Accommodations for Students with Disabilities: Students with disabilities can request different kinds of accommodations. To learn more, please visit: If you need accommodations, please follow the instructions on the website and contact the instructor as soon as possible.


Accommodations Based Upon Sexual Assault: The University is committed to offering reasonable academic accommodations to students who are survivors of sexual assault. Students are eligible for accommodation regardless of whether they seek criminal or disciplinary action. If you need to request such accommodations, please direct your request to Kim Webb (, Director of the Office of Sexual Assault and Community Health Services.  Ms. Webb is a confidential resource; however, requests for accommodations will be shared with the appropriate University administration and faculty.  The University will maintain as confidential any accommodations or protective measures provided to an individual student so long as it does not impair the ability to provide such measures.


Bias Reporting: The University has a process through which students, faculty, staff, and community members who have experienced or witnessed incidents of bias, prejudice or discrimination against a student can report their experiences to the University’s Bias Report and Support System (BRSS) team.  See:


Mental Health: Mental Health Services’ professional staff members work with students to resolve personal and interpersonal difficulties, many of which can affect the academic experience. These include conflicts with or worry about friends or family, concerns about eating or drinking patterns, and feelings of anxiety and depression. See:





*All assignments are subject to change. Please check the course website regularly.


Monday, August 27th:

Introduction, Syllabus Overview, Academic Integrity, “How to Write a Reflection Essay,” and How Should We Discuss Ethics?

*Please take the following brief survey: (

Reading: Jim Pryor, “What is an argument?” and “Guidelines on Reading Philosophy”  

Case Study:How to Write a Reflection Essay” (distributed in class)


Monday, September 3rd:




Monday, September 10th:


Reading: Heathwood, “Welfare

Case Study: Selections from Singer, Doing the Most Good (pgs. 3-11)


Monday, September 17th:


Reading: Review Heathwood

Case Study: Selections from Singer, Doing the Most Good (pgs. 107-115 and pgs. 116-127)


Monday, September 24th:


Readings: Railton, “Alienation, Consequentialism, and the Demands of Morality”  

Case Study: Look up details on one charity at and bring the details to class


Monday, October 1st:

Do No Harm – Fair Trade and Human Trafficking

Readings: Elliott, The Role of Consent in Human Trafficking, Chapter 1: Introduction - 1.4; Chapter 2: The Contextual and Legal Background (

Case Study: New York Times, “Modern Slavery Grows

Assignment: Fair Trade Assignment (see above)

Monday, October 8th:

Do No Harm – Human Trafficking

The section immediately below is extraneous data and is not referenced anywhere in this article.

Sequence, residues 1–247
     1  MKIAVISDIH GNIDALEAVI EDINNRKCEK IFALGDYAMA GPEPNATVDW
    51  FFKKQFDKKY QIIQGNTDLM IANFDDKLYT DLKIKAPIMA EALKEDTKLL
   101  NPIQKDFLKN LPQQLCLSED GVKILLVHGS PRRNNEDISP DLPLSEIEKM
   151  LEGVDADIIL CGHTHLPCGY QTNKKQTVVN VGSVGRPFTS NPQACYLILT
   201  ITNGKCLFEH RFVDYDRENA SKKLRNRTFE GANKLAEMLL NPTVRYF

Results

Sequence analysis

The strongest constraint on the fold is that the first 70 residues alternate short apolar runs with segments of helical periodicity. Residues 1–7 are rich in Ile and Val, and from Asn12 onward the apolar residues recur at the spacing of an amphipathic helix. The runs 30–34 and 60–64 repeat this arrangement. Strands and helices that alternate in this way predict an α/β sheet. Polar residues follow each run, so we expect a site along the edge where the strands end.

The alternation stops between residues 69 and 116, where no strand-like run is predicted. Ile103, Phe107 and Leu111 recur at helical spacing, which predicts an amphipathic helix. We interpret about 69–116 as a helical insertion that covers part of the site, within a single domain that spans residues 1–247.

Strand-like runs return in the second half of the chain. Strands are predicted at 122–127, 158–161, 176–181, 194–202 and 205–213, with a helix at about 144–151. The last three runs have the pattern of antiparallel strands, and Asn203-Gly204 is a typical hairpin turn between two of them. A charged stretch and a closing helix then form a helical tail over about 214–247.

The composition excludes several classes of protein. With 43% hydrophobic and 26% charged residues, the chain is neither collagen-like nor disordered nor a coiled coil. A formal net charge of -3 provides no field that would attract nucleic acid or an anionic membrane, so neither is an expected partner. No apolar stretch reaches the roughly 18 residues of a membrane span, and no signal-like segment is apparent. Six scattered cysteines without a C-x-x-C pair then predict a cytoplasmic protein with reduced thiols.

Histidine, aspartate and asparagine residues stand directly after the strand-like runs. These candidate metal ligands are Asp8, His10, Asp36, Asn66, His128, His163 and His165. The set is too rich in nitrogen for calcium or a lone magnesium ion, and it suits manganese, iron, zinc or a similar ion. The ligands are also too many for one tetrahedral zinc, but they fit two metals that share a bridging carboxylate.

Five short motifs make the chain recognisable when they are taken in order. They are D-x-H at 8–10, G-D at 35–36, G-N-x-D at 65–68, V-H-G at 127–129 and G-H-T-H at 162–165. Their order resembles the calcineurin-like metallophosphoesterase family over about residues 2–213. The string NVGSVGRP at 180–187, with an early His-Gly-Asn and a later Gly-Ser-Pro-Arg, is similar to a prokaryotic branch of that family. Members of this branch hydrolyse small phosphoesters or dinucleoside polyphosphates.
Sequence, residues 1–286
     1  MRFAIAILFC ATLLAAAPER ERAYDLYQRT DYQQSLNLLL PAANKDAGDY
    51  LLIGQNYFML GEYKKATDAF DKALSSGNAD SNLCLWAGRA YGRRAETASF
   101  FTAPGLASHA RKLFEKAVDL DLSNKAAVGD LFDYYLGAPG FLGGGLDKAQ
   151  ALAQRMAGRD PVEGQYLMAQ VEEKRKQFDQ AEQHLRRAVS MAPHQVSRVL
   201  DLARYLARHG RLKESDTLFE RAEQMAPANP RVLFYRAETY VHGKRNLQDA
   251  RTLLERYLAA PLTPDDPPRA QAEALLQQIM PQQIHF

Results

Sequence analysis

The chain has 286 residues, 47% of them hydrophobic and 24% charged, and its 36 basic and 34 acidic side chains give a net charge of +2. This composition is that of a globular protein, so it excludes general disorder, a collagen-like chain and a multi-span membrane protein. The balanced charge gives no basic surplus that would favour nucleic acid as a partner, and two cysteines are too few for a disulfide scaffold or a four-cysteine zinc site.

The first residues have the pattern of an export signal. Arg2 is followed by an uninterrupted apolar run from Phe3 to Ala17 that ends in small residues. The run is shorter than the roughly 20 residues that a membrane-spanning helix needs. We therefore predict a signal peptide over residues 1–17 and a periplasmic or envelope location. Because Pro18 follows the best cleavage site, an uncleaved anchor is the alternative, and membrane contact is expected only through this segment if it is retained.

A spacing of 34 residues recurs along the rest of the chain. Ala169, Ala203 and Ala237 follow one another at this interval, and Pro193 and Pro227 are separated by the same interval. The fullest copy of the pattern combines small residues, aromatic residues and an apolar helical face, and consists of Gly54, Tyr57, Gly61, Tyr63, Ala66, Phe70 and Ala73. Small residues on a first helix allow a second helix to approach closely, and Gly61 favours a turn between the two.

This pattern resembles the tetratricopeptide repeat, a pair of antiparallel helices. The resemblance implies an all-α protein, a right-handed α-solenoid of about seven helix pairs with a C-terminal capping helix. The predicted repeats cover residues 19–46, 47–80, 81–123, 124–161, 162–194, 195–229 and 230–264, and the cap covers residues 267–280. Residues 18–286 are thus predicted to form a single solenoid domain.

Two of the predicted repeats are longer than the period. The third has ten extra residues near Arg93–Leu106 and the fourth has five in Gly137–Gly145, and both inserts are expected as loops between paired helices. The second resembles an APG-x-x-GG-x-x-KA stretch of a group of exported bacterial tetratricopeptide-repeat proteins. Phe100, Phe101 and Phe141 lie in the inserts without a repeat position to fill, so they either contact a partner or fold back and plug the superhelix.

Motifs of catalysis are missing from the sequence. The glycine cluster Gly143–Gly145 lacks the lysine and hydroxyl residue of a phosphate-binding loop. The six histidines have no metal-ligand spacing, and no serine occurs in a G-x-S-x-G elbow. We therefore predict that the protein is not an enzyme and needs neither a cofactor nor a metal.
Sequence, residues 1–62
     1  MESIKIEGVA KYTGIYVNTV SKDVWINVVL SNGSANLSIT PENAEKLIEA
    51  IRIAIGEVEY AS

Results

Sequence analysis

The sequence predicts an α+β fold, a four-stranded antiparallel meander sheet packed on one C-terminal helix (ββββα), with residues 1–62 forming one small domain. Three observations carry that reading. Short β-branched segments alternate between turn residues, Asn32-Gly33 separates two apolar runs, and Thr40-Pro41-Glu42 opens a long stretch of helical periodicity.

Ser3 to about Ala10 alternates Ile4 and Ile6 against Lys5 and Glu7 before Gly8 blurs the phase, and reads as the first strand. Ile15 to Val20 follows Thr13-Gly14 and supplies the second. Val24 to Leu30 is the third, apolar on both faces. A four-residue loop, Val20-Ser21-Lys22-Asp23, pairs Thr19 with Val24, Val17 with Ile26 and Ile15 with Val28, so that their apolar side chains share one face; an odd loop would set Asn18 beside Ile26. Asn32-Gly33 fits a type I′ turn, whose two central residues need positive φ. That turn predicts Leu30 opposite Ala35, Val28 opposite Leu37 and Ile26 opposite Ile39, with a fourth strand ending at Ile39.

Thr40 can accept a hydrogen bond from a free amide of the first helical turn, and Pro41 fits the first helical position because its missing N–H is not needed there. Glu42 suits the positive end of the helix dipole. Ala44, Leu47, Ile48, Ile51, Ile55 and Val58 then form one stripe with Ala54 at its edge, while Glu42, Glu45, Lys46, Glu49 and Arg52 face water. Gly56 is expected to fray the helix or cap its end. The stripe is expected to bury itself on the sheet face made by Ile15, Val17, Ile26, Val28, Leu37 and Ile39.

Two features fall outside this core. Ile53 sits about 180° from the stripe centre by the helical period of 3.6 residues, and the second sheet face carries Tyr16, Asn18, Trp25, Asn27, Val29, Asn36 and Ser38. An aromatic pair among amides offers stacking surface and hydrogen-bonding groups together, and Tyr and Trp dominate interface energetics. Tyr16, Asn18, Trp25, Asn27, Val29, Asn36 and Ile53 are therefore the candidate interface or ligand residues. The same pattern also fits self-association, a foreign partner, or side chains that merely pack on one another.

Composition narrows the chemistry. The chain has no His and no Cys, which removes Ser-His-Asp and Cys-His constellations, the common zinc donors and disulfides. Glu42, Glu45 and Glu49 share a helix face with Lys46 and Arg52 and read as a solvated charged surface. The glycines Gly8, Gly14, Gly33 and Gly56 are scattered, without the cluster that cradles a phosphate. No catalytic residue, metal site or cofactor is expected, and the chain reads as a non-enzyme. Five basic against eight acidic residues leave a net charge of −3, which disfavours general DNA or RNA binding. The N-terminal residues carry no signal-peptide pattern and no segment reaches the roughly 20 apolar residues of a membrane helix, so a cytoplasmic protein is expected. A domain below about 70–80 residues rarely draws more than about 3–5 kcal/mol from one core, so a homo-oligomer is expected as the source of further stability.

Readings: Hepburn, Human Trafficking Around the World (pg. 11-43)  

Case Study: New York Times,  “Slavery and the Shrimp on Your Plate


Monday, October 15th:




Monday, October 22th:


Readings: Cameron and Rapier, “Compassion is a Motivated Choice

Case Study: Grey, “The Nazi Trials: The of Auschwitz Guard Reinhold Hanning” (  


Monday, October 29th:


Readings: Selections from Williams, “Moral Luck” (pg. 117 after red line to red line on pg. 122)

Case Study: Wheaton, “Protesters Gather at BP Gas Stations


Monday, November 5th:


Readings: Selections from Doris, Talking to Our Selves: Reflection, Ignorance, and Agency: “Responsibility” [pgs. 155-156 (stop at “Revisions”), pgs. 159 (start at “Attribution”)-171 (stop at “Pluralism”)]

Case Study: Baer, “Kevin Spacey’s New Movie “Billionaire Boys Club” Earned Just $618 This Weekend” (


Monday, November 12th:


Readings: Selections from Moya, The Philosophy of Action: An Introduction:  “Introduction” and “Actions and Happenings”

Case Study: David, “First World War: who was to blame?” (


Monday, November 19th:


Readings: Bratman, “Reflection, Planning, and Temporally Extended Agency

Case Study: Nowak, “The Ethical Dilemmas of Self-Driving Cars

Monday, November 26th:


Readings: Review Bratman

Case Study: Himmelreich, “The Ethical Challenges Self-Driving Cars Will Face Every Day


*Sample Case Study Distributed in Class


Monday, December 3rd:

Case Study Outline Workshop

Readings: Pryor, “Guidelines on Writing a Philosophy Paper” ( )

Case Study: none


*Bring copy of Case Study Outline to class


Monday, December 10th:

Virtue Ethics and Mental Health

Readings: Rapier, "Borderline Personality Disorder: The Moral Superheroes Virtue Ethics Needs" (pg. 12 "Moral Superheroes" - 22; 9-28 optional), optional - Aristotle, Nicomachean Ethics (Book II, Book VII pgs. 375-377 and 437-439)

Case Study: Carey, "Expert on Mental Illness Reveals Her Own Fight"


Wednesday, December 12th:

Case Study Due Via Email